information technology · letters · politics · technology

Subject: Do you offer university postgrad scholarships?

Hi there.

My name is David Johnston, I’m a 31yo New Zealand born citizen.

I have a bachelor’s degree in computer science and four years commercial experience as a data transformation and web developer. I spent two years at Acme transforming documents to and from a spine, and the last two as more general frontend and full stack web developer.

With the recent election of Donald Trump and Russian manipulation of social media, I’m feeling I’d rather be working in this space than my current job.

What I want to do is a create an API for scraping news websites and social media, gathering sentiment,  and presenting it wordcloud format or similar.

I don’t have a particularly theoretical approach in mind – I’m not educated in linguistics; my interest in the software engineering solution.

Have a look at this web application I made: – this is something I threw up pretty quickly and haven’t refined – but it shows the possibilities of web browsers as good application interface.

I want to create an open source API, free for the world to use, but something you might find useful.

Essentially, a good way to do this would be for me to go to university, and make this project the subject of my postgrad thesis.

What I’m ask of you, is if you offer sponsorship or scholarships to allow me to go this. I’d be looking for $60,000 living costs/year + study costs.

I hope this finds you well, and I’ve attached my CV if you’re more interested in my technical experience.





information technology

Alpha geek syndrome in IT culture.

I think IT culture can suffer from an ‘alpha geek’ syndrome – where total commitment to code and technology is valued above all else.

This post at Super Coders IT (an IT recruitment firm, which I have to be fair, I think they have a great website and blog posts) expresses this, in the form of a list activities that demonstrate a developer has passion:

  • Spends lots of personal time at home reading software development related books, blogs and websites
  • Spends lots of personal time at home writing code and developing personal software projects
  • Has made substantial contributions to open source projects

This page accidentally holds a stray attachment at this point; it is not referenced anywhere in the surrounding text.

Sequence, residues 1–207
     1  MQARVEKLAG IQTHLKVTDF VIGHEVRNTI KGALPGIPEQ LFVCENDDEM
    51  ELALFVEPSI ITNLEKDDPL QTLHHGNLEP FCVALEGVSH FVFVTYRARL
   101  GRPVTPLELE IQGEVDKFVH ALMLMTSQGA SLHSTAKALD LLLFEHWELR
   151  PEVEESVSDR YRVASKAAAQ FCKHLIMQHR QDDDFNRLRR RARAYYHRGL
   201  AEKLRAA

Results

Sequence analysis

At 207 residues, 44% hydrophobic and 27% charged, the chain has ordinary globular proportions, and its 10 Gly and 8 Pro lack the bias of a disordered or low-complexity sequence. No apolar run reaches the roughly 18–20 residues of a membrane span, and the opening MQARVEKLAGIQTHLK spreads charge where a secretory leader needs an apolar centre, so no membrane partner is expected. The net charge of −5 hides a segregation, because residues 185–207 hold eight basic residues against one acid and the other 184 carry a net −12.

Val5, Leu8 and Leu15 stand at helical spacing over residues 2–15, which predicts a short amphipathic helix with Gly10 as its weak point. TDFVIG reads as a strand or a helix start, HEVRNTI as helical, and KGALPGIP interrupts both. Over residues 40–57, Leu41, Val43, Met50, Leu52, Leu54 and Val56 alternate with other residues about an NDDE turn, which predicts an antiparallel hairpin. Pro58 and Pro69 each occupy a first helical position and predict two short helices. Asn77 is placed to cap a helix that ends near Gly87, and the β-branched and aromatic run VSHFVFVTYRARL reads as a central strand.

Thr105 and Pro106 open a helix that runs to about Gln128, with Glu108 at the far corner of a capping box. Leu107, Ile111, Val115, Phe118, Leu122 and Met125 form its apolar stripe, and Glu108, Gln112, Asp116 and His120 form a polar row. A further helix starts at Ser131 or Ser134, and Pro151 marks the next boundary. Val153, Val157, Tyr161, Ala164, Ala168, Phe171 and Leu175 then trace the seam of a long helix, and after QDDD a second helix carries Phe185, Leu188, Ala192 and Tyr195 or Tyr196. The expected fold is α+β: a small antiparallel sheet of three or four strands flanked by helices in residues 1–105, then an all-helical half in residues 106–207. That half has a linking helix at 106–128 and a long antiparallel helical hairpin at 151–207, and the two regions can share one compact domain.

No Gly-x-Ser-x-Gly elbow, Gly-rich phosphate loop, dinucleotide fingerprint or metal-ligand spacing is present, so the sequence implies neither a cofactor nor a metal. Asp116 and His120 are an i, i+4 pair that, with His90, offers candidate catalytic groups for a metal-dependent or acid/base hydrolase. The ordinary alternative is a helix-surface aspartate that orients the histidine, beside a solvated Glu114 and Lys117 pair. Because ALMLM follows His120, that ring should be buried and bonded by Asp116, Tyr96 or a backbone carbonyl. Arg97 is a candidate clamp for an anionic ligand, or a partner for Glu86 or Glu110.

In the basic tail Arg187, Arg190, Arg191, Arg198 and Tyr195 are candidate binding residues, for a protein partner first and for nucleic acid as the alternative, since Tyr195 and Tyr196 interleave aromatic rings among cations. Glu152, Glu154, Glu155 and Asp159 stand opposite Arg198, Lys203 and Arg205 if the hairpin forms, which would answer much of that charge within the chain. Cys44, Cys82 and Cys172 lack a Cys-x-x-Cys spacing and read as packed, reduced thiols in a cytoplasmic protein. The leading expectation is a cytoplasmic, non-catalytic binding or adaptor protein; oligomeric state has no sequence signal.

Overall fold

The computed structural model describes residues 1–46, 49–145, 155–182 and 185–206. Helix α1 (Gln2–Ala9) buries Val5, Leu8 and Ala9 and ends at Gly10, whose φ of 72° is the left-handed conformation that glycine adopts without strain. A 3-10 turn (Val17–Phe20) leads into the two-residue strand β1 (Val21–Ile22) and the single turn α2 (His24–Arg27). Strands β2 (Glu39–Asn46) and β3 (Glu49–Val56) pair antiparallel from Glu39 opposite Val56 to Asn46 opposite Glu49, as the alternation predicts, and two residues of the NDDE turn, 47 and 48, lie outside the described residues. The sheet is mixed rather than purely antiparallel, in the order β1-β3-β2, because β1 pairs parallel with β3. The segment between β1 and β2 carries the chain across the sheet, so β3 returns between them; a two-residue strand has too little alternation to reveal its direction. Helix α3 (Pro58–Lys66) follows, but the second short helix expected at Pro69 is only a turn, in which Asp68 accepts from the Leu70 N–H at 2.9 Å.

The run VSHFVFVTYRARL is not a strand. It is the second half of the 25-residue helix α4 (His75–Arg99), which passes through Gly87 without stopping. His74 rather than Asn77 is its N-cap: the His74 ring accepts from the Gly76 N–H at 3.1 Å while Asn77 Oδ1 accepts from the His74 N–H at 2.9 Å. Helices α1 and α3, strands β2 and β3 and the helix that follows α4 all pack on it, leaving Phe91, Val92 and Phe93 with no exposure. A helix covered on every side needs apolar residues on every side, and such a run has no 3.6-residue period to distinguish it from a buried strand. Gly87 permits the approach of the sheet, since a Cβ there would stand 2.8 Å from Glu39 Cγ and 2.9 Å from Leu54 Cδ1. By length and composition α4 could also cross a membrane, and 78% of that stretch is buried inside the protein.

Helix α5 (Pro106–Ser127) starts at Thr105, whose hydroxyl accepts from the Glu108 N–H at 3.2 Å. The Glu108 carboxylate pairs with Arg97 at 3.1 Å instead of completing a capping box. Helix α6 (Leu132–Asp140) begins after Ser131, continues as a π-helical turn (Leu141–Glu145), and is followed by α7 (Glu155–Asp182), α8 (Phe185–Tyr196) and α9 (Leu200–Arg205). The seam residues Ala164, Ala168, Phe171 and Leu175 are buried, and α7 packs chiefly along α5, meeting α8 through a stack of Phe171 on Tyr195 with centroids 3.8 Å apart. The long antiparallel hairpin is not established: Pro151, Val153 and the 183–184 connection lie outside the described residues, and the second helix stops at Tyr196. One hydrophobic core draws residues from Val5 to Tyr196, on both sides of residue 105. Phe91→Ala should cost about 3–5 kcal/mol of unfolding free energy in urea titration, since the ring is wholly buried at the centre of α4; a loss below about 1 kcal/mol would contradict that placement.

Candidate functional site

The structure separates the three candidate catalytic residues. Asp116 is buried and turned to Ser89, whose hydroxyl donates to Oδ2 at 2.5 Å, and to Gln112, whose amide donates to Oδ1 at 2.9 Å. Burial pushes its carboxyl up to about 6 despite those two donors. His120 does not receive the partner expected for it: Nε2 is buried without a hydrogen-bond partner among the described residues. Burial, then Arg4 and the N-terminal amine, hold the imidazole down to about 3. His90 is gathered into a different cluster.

• Has created their own software product which is available for download on the web
  • Has written articles for online publications/magazines
  • Coding since childhood/high school
  • Participates in programming competitions
  • Writes a blog
  • Has an account on Stack Overflow which shows a history of participation

It’s not uncommon for employers to ask if a candidate works on projects outside of work – seeing this as a sign of being a good programmer.

The problem with this is it ignores the other human elements of the programmer. It assumes that good programmers are another species, closer to a computer than a human, who derive pleasure from all things technology related. This blog post here articulates well a similar opinion that I’m expressing here.

I’m a single, thirty year old. I have a plenty of free time.

I could dedicate my weekends to contributing to an open source project, or answering questions on Stack Overflow – but do you know what I prefer doing?

  • Writing this blog.
  • Running and exercise.
  • Learning ceroc.
  • Playing board games.
  • Socialising
  • Taking photos for my Humans of Newtown Facebook page.

If I were a married man with children, I’d have even less free time – I would certainly be prioritising spending time with my children over writing/reading code.

Some people do live and breathe code, I appreciate that. These coders probably are likely to better coders, having more familiarity with the framework or library.

At the same time – the human aspects of being a coder shouldn’t be understated. When you first walk in to the office on a Monday morning, and you ask your colleague what they got up to on the weekend, what do you want to hear? ‘I learned a new web framework, and fixed some bugs for this open source project I’m contributing to’ or ‘I went surfing and then played board games some friends.’ Which contributes to a more congenial work atmosphere?

My intention here isn’t to disparage either person.  IT attracts a quite a wide range of people, and there are plenty of people who would prefer talking about something technical, than about social interactions. At the same time, others would much rather talk about the movie you saw on the weekend, than more code. The point of workplace socialising is primarily for relaxation and to build relationships after all, rather than spreading technical knowledge.

It would however, be a mistake to think that super-nerds are the only people that an IT firm should value, for two reasons.

Firstly – the firm risks missing out on perfectly capable developers, simply because they value spending their spare time on other things, rather than code.

Secondly – the firm’s culture becomes ‘alpha nerd’ focused, and this could lead a hyper-competitive and workaholic type atmosphere.

This might be beneficial for the company in the short term, or perhaps even necessary for a bleeding edge technology company or start up, but I would be very cautious taking a company’s culture that way. In the long run it could lead to interpersonal conflicts and uncooperative behaviour.

At the end of the day, I guess company cultures vary from firm to firm, and people who live and breathe code might feel more comfortable at firms who have a culture that values that. But I would suggest that it would be a mistake to think that all good developers don’t have interests outside of code.